Taking home a piece of Paris…literally

“There is but one Paris and however hard living may be here, and if it became worse and harder even—the French air clears up the brain and does good—a world of good.” ― Vincent van Gogh

It’s one of my favorite cities in the world. From the first time I visited Paris, I was taken with its beauty, history, and the magic in the air. Something about the City of Love just captures people’s hearts.

And that’s exactly what it did for Paul Michael Bedell, a former financial services executive in Austin, who during a recent vacation there with his daughter Samantha created a way for people to literally take home a piece of Paris.

“My daughter fell in love with the city—and with the Eiffel Tower, in particular,” Bedell said. “As we were preparing to leave Paris, we searched desperately for the perfect memento of our wonderful trip, a souvenir that was equal to the task of capturing the memories of the experiences we had shared.”

Unfortunately all they found, he said, “was the usual rubbish: letter openers, key chains, coffee mugs, t-shirts, and the little metal Eiffel Tower replicas.” So Bedell committed to create his own solution and embarked on a new journey — a proverbial “labor of love.”

The Eiffel Tower is undeniably one of the world’s most famous and beloved landmarks, immediately recognized the world over. More than 250 million visitors have seized the opportunity to experience the Grande Dame of Paris up close and personal, though the vast majority have availed themselves of the convenience afforded by elevators to ascend the tower’s heights.

Less well known is the fact that when the Eiffel Tower was first completed in March of 1889, there was only one way to reach the top—by ascending a dauntingly massive spiral staircase, akin to the world’s largest corkscrew, that wound its way up the tower.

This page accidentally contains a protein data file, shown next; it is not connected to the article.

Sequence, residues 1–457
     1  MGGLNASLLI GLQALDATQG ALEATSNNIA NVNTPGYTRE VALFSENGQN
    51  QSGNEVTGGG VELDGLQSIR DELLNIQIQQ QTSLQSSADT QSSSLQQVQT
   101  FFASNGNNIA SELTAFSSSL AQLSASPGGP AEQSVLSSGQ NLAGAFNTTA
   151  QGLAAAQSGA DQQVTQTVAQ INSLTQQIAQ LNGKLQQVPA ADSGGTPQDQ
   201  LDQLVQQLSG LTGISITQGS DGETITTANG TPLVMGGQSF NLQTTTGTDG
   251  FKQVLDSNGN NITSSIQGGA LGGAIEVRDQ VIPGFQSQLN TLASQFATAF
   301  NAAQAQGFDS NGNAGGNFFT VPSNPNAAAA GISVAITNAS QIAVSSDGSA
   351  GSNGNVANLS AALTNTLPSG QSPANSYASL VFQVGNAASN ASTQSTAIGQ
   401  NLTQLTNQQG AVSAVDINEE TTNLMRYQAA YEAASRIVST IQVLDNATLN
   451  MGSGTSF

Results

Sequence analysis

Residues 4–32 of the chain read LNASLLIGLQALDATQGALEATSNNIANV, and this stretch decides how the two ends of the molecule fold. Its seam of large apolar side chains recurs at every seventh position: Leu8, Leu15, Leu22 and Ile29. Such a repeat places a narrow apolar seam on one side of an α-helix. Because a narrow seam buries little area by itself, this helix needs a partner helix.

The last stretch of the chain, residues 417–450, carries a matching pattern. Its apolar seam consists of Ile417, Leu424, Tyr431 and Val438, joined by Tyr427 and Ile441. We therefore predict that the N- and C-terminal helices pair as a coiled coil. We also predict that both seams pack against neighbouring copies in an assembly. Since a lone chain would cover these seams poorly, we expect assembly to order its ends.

And here’s the punchline: it turns out that the original spiral staircase that connected the lower levels to the top of the tower was removed in 1983 and cut into 24 segments: one is on permanent display at the Eiffel Tower, three others were donated to French museums, and the other 20 segments were auctioned off and scattered across the globe. The National Geographic Channel filmed a staircase element being cut in half, and Christie’s auctioned off the lower portion.

Upon returning from Paris, Bedell tracked down the owner of the upper portion and purchased a section of the original spiral staircase that once connected the lower Tower floors to the top (it was removed in 1983 for safety reasons).

“You purchased a piece of the Eiffel Tower?” I asked when I learned of Bedell’s story.

“Yes, it’s true,” he said. “Who knew that was even possible? I certainly didn’t, until I started my research.”

With this precious artifact now in hand (or in a secure warehouse, to be precise), Bedell turned his attention to establishing a new jewelry company — Korbella, meaning “beautiful heart” — branding, creating the designs, securing manufacturing support, developing the website, and building initial inventory.